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16.04.2013 21:54    Comments: 0    Categories: Writing Scenes      Tags: kim kay  writing  scenes  building blocks  novels  

"The basic unit of fiction is not the sentence or the paragraph, but the scene." -- Unknown

 

A novel is made up of several mini-stories which, when linked together, create the plot. These mini-stories are called scenes. Like chapters and the novel as a whole, each scene has a distinct beginning, middle, and end. There are many different types of scenes but every one should advance the plot in some way. If a particular scene has no effect on the outcome of the novel or the storyline as a whole, it should be omitted or rewritten.

 

Types of Scenes

 

Opening Scenes: The first scene of your novel, the opening scene, is arguably the most important. It is your readers' first introduction to your novel and can compel them to continue reading or cause them to put the book away unread. One way to "hook" your readers in the opening scene is to get them emotionally involved with the main character or storyline right from the start. You do not want to begin your novel with description of the setting or explanation of past events. You want to begin at a crucial moment in the action and give enough information so that your readers want to find out what happens next.

 

Action Scenes: Action scenes will comprise the majority of your novel. In these scenes, the character is trying to accomplish parts of his or her primary objective or one of the subgoals which will lead him or her to the resolution of the novel. These scenes will have some type of conflict with either the protagonist or the antagonist coming out ahead at its resolution. The "winner" should vary from scene to scene to help build suspense.

 

Exposition Scenes: The purpose of exposition scenes is to give information on the setting of the novel. Time and place are revealed. Exposition scenes can also be used to show a character's background or future goals.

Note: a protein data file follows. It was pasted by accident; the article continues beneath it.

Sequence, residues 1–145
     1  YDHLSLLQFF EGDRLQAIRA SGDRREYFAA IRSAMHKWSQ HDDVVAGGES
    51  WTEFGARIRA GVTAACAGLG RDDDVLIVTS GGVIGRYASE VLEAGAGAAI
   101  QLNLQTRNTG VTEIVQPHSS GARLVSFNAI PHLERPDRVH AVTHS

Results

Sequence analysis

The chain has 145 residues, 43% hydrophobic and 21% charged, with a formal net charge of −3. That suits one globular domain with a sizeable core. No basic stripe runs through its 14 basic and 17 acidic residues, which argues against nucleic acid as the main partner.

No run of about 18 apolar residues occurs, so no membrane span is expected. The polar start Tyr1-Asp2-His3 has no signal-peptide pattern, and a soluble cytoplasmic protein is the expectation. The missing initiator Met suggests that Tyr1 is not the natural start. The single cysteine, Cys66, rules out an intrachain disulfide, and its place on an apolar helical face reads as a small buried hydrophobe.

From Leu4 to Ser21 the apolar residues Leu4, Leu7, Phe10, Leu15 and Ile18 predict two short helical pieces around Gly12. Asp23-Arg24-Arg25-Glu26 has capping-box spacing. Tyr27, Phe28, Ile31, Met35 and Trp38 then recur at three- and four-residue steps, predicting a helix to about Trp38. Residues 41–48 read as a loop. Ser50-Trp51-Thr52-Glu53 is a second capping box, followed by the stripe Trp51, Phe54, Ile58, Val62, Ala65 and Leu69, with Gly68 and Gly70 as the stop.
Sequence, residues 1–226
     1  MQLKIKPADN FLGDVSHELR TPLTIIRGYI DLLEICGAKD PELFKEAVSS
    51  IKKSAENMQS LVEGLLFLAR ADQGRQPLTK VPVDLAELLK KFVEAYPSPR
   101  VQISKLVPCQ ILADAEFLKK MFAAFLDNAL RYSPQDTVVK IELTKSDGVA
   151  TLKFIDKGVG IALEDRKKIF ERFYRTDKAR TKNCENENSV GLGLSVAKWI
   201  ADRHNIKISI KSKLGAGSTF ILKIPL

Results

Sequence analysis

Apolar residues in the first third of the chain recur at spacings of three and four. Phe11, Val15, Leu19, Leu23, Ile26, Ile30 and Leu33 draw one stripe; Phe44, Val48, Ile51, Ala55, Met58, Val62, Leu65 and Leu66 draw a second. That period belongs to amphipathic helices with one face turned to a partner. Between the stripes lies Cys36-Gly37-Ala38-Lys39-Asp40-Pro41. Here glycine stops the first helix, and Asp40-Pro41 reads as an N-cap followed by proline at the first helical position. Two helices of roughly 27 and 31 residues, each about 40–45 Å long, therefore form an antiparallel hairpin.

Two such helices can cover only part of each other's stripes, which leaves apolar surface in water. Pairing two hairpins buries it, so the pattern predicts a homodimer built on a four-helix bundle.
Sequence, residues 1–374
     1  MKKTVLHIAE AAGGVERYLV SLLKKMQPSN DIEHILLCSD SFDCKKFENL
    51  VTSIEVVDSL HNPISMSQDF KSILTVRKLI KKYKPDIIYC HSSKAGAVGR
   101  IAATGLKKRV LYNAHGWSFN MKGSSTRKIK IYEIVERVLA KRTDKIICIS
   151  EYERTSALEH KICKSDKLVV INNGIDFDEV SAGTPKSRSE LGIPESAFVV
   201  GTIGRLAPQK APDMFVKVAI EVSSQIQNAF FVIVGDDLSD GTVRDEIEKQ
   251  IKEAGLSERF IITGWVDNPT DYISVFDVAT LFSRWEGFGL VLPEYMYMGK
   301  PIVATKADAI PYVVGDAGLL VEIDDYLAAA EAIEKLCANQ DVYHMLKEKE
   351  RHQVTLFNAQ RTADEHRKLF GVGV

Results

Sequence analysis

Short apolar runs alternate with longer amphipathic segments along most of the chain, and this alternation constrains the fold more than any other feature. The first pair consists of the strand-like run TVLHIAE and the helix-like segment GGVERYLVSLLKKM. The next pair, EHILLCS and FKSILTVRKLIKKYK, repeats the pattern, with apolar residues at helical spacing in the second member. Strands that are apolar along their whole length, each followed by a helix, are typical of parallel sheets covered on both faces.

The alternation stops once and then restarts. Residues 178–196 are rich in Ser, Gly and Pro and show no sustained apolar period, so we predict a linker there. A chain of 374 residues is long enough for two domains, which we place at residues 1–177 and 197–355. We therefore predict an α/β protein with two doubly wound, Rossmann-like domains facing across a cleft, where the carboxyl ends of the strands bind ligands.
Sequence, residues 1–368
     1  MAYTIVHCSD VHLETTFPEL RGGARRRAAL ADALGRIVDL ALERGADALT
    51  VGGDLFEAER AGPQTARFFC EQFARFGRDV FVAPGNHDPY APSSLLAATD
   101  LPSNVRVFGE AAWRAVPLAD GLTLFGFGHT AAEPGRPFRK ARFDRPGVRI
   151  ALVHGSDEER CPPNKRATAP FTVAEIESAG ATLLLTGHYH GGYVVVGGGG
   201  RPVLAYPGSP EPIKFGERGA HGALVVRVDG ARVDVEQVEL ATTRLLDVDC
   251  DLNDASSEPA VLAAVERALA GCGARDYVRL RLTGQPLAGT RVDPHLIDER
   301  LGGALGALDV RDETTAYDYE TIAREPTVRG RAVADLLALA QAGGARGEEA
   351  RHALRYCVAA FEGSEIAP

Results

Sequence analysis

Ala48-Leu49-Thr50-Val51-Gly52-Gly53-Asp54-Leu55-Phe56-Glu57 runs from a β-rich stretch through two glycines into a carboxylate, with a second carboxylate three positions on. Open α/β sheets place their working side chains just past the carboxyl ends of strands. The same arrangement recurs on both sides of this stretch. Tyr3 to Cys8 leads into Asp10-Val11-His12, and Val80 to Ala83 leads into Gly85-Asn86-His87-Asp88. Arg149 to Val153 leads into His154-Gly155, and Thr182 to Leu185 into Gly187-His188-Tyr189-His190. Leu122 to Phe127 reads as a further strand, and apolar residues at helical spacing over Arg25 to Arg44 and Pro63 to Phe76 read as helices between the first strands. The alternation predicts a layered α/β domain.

Transition Scenes: Transition scenes move the characters to another setting or through a period of time. The main purpose of these scenes is to make the novel flow as smoothly as possible. They allow you to link together action, exposition, and other scenes, making the novel seem as if it were one continuous scene.

Ending Scenes: Your ending scene is almost as important as your opening scene. It is the resolution of your novel. By the ending scene, all conflicts should be resolved, questions answered, and loose ends tied up. Your reader should go away feeling satisfied and a sense of completion.

 

Constructing Scenes

 

Each scene will have some information which is directly expressed and some which is implied. Direct information is the characters' thoughts, actions, and dialogue. Implied information is revealed by how you present your scene. If one scene was used to show the reader that the main character is painfully shy, instead of telling, you would show it through their actions and other direct information.

 

Your scenes should vary in intensity to keep the reader from getting either bored or emotionally drained. Intensity level is determined by the importance of winning the conflict in each scene, the risks involved, and the resolution of the conflict. Generally, scenes near the climax of the novel will be more intense than ones in the middle.

 

Your scenes may also vary in length. There is no formula for determining the "right" length of a scene. It can be anywhere from a couple of sentences to several pages. Basically, a scene needs to be long enough to achieve its purpose. In action scenes, for example, the scene ends when the conflict of that scene is resolved and the character(s) involved either learn something or are a step closer to (or farther from) his or her primary goal.

 

When writing the scenes of your novel, make every one have a purpose and let them flow one into the next. In you achieve these two things, you will be well on your way to creating an enjoyable and tightly written novel.

 


By Kim Kay


Visit Kim at The Write Site


 
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